Doing God in Politics

‘We don’t do God’ was a famous intervention by Alastair Campbell, press secretary to former Prime Minister Tony Blair, when trying to protect his boss from an interviewer’s questioning about Blair’s Christian beliefs.

That separation of religion and politics is apparently the way the electorate likes things to be, according to a newly-released YouGov survey for the Policy Exchange think-tank. Fieldwork was conducted online on 10-12 March 2011 among 2,407 adult Britons.

Asked which two or three from a list of eleven values they most wanted a political party to reflect, a mere 3% chose religious faith, which came bottom. No more than 5% in any demographic sub-group picked this option, this figure being recorded by Conservative voters in 2010 and residents of the Midlands and Wales.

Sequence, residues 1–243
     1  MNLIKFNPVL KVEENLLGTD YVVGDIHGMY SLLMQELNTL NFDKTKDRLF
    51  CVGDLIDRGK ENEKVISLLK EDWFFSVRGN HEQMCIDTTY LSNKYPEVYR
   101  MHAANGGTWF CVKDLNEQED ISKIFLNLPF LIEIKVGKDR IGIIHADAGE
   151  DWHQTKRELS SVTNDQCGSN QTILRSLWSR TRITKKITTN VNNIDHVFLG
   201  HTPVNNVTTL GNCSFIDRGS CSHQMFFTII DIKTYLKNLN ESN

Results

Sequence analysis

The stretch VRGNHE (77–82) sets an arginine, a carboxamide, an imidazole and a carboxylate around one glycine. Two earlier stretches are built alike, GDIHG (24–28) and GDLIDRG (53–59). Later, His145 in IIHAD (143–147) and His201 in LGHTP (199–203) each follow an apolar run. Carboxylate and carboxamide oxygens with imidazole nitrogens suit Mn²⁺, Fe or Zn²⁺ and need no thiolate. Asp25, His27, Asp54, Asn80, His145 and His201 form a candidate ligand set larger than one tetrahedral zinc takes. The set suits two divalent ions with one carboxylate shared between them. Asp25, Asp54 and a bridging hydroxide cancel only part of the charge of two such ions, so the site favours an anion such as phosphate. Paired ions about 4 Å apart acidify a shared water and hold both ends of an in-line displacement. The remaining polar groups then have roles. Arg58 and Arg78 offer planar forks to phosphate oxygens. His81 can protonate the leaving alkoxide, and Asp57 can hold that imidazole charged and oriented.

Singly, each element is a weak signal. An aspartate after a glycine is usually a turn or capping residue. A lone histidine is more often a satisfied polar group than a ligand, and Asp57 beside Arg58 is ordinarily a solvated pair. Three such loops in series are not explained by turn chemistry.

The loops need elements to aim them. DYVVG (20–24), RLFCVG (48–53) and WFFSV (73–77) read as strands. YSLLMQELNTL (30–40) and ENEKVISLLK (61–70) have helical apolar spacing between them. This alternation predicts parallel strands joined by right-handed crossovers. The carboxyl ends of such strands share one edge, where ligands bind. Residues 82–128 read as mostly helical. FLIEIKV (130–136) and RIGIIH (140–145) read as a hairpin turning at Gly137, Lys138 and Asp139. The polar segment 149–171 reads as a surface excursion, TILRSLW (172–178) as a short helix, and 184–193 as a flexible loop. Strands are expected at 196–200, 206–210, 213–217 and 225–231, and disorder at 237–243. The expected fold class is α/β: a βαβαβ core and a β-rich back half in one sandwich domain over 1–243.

Economic responsibility topped the scales at 59%, followed by fairness (50%), family values (32%), traditional values (29%), equality (21%), freedom (20%), patriotism (17%), tolerance and diversity (14%), community (12%), and environmentalism (11%).

The data table will be found at:

British Religion in Numbers: All the material published on this website is subject to copyright. We explain further here.

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